Buzzing with ideas

The tens of thousands of research mice to be housed in the Center for Molecular Medicine under construction on the University of Nevada, Reno, campus won't reproduce well if they're bothered by loud noises.

That presented something of a problem to the architectural team that developed the building.

The Center for Molecular Medicine, after all, is within shouting distance of Mackay Stadium and the shouting can be loud on autumn Saturday afternoons during Wolf Pack football games.

Chris Larsen of the Las Vegas architectural firm Dekker/Perich/Sabatini, the designer of the building, laughs that he almost threw up his hands and ran from the project after learning of the noise-control requirement.

The 107,000-square-foot building, just south of McCarran Boulevard, is designed to take equally good care of the medical researchers who will move in after the structure is completed this summer.

"We spent a lot of time talking about coffee," says Thomas Kozel, the center's project manager from the School of Medicine and a professor of microbiology.

Planners wanted to create a building that encouraged the informal interplay of ideas among researchers over cups of coffee and informal meetings in hallways.

Open spaces for research colleagues to huddle and kick around ideas are located on each floor of the building's west wing.

More exchange of ideas will come as researchers work in one of five large research suites where 25 or 30 teachers, post-doctoral students and graduate students will work at a time.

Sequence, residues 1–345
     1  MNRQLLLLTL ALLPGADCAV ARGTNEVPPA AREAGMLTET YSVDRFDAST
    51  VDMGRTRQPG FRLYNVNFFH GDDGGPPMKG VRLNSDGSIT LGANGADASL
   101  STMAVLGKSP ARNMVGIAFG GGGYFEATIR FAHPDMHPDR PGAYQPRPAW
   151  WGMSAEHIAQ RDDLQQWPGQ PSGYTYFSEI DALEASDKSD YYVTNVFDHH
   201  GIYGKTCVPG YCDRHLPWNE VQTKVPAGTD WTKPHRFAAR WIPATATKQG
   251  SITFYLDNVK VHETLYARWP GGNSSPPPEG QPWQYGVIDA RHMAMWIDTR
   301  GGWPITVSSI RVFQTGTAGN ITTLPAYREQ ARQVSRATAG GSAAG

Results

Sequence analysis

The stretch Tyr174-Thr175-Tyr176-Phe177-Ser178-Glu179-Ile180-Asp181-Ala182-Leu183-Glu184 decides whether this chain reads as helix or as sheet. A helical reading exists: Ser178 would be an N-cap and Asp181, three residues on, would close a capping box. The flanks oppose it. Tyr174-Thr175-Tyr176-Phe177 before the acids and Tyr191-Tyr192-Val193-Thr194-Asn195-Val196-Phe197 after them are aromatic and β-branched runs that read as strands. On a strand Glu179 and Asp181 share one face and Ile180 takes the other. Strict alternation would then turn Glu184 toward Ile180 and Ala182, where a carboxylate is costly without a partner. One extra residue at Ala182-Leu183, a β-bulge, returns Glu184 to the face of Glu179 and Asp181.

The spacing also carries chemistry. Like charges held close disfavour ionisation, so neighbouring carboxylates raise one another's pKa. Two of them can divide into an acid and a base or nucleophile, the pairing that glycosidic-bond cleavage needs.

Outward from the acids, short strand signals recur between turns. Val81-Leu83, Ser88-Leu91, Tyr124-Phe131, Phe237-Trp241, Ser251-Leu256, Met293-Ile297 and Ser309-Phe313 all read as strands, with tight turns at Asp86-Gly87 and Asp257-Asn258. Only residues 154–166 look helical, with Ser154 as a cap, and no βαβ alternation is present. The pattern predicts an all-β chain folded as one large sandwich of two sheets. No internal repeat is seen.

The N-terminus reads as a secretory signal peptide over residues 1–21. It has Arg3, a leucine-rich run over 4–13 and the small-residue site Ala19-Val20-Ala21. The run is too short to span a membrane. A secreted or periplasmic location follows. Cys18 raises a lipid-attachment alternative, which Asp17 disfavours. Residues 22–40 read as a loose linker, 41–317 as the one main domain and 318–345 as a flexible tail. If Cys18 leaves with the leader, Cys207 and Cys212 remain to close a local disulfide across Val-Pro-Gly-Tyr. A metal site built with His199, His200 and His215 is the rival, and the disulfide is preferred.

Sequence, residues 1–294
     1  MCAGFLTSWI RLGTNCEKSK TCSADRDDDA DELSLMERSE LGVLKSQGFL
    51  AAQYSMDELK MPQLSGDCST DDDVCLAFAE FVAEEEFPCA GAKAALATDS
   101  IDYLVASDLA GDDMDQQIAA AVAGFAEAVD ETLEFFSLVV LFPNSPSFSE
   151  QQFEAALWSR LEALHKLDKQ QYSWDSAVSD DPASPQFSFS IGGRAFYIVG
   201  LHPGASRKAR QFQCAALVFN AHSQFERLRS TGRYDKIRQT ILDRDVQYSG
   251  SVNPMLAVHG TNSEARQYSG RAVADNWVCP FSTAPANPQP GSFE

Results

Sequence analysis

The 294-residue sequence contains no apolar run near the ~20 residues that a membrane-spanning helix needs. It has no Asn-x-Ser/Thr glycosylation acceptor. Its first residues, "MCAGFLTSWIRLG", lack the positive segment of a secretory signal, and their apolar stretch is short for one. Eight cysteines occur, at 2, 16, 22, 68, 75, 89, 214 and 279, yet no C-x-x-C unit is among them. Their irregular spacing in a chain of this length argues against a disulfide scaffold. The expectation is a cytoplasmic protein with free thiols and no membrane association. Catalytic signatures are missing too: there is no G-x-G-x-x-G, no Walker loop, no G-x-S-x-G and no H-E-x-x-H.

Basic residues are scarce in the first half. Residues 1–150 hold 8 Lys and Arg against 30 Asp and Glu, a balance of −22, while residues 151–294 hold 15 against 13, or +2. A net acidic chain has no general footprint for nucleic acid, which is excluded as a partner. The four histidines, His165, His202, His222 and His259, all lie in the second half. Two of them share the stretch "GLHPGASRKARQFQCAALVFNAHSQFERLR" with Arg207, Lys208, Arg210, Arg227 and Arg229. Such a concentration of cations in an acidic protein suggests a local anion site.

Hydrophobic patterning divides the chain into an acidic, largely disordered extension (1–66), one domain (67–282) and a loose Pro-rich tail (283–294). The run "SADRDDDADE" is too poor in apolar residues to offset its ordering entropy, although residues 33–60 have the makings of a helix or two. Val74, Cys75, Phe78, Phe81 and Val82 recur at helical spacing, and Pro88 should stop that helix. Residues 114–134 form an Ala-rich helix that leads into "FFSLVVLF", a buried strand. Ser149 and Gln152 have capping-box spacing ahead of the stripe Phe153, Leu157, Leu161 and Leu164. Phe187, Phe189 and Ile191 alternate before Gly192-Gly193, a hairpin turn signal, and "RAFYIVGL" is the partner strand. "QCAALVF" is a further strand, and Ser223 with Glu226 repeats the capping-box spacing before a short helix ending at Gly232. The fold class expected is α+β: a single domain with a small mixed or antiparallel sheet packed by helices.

They'll be conducting research in fields such as cancer, infectious disease, cardiovascular disease, neuroscience and gastrointestinal disease.

The $79 million building is a major element in plans to increase enrollment at the University of Nevada, Reno School of Medicine a step that will require more faculty as well.

While the new laboratories are expected to create at least 140 jobs for researchers and support staff, Kozel says the economic impact will ripple off the campus into the rest of the region's economy.

The Economic Development Authority of Western Nevada, for instance, has identified life sciences as a growth industry in the region, and the new facilities will help build a workforce for those companies.

The Center for Molecular Medicine is the first medical research facility built on the campus in three decades, and it reflects state-of-the-art thinking about laboratory design and energy efficiency.

Kozel notes, for instance, that laboratories need specialized and expensive air-handling systems because of the heat generated by equipment. The building's layout takes care to separate the labs from offices, which require much more modest air-handling.

But the big challenges came in creation of the building's vivarium a facility for the facility and study of genetically engineered mice. Ultimately, as many as 60,000 mice may be housed in the vivarium.

That research requires a highly secure, environmentally controlled and germ-free environment.